Tag Archives: women

X-Men First Class gets B- (but kind of hates women and minorities)

The re-boot: what an intriguing concept. A production company just Etch A Sketches the previous narrative to start a new one.  One motive is the hope of re-invigorating a franchise that’s hobbling along; both Spider-Man and X-Men got their re-boots (Spider-Man hits next year) after weak third installments. Or maybe you just don’t want to spend the money to maintain your now-expensive lead actors and directors.  For the audience it’s almost like losing the lottery: you spend three films (over the course of a decade) investing in the characters and their narrative, only to be told you’ll have to re-invest (maybe that’s more like the stock market).  Fortunately X-Men First Class offers some legitimate incentives to do so, but it’s not without its flaws. Continue reading

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Hanna trailer: Girls get to kick some ass

Big Daddy and Hit Girl were the shining stars of 2010’s Kick-Ass and the trailer released for Hanna shares similar qualities to Hit Girl’s violent badass tendencies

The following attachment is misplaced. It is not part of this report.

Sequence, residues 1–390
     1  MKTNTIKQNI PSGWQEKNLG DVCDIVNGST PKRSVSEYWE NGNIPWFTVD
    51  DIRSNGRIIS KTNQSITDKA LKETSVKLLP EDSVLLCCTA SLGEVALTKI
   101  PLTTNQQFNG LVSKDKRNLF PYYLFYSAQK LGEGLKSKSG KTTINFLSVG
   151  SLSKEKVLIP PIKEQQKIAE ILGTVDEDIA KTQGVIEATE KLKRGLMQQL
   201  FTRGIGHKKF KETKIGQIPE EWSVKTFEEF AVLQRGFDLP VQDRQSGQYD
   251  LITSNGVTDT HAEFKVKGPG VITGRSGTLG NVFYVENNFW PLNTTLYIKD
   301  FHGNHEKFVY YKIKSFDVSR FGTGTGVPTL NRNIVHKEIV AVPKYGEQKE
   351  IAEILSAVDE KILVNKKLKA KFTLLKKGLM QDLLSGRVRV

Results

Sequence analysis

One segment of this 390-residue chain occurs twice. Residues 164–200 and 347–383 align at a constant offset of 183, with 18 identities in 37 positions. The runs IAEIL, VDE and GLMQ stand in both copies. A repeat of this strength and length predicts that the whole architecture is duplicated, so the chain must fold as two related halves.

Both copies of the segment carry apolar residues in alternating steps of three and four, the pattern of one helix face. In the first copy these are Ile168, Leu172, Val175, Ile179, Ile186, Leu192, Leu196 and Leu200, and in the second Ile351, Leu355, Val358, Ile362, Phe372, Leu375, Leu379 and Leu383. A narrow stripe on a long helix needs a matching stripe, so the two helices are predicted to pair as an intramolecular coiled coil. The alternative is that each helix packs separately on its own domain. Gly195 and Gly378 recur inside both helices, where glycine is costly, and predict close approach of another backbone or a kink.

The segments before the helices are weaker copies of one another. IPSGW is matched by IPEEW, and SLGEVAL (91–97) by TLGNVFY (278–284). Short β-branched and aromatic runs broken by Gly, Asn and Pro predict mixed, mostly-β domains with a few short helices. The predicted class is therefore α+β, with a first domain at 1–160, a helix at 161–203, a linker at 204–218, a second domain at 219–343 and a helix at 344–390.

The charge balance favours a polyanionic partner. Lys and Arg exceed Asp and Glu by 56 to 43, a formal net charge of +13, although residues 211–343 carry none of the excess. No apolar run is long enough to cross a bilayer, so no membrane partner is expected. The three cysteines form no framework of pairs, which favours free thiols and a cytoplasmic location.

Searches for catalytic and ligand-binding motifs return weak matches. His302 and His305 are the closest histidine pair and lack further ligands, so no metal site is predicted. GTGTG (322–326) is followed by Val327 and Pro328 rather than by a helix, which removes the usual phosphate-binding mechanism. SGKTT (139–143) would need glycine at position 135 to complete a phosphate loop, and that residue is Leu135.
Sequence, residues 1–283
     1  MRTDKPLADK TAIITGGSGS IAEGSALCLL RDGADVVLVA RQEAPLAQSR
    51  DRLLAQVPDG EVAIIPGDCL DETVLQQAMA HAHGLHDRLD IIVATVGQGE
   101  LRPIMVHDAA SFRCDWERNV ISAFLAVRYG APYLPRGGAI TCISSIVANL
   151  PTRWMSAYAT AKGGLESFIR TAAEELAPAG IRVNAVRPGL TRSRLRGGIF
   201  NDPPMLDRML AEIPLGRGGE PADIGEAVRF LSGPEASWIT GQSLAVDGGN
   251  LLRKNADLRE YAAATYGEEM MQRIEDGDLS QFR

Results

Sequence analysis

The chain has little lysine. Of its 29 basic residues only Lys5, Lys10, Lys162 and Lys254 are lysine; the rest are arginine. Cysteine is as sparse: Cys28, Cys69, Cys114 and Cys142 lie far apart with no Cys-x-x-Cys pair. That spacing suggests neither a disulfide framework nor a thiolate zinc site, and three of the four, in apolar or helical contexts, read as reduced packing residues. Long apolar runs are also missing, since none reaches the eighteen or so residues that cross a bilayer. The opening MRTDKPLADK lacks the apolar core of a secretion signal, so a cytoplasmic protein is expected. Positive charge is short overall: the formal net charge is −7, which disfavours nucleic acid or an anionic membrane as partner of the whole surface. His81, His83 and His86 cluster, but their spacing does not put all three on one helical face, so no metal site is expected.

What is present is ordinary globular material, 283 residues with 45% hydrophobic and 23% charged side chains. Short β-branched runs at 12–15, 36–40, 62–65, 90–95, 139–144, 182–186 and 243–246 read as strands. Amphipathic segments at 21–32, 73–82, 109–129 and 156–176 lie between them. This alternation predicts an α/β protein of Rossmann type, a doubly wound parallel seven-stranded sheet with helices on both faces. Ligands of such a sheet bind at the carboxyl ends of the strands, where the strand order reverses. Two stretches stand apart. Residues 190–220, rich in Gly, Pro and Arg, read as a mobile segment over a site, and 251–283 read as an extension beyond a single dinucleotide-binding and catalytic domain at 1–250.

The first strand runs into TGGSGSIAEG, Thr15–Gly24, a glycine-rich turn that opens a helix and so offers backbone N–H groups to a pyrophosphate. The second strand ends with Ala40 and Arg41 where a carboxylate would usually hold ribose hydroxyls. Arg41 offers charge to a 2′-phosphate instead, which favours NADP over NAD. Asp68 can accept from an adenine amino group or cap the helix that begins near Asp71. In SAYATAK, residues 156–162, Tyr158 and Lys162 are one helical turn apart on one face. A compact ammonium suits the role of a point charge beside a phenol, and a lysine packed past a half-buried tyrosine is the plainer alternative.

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Ginger Snaps Trilogy Roundup & The Problem of Genre Distinctions (part 4)

:read part 1, part 2, part 3:

Ginger Snaps: Complete Roundup

Though the final part of the Ginger Snaps trilogy is weak, it’s not Spider-Man 3 weak. Given the track record of horror film sequels, the entire trilogy stands up pretty well. The real strength of the series lies with the characters, specifically female lead characters. The male cast members are all supporting pieces to the story (though they play bigger parts in Ginger Snaps Back), so we get a fresh perspective as Brigitte and Ginger lead us through female territory: sisterhood, mother-daughter relationships, sex, menstruation, relationships with men, etc. Continue reading

Ginger Snaps Back: The Beginning (pt 3)

:catch Part 1 here and Part 2 here:

Now, about the third film.  Yes, Ginger Snaps Back: The Beginning is set in the 19th century.  Yes, that sounds very silly.  How in the hell have two girls dealing with werewolves in the modern era  suddenly found themselves stuck in the mid-1800’s fighting werewolves at a Canadian trade post?  The answer: there isn’t really one.  Toward the latter third of the film there are allusions to reincarnation and curses passed through families, but the film doesn’t force this idea and there aren’t any time travel shenanigans.  It just is.

So I’ll say this: if you had never seen the first two films and watched this one, it could stand on its own – which is respectable. Continue reading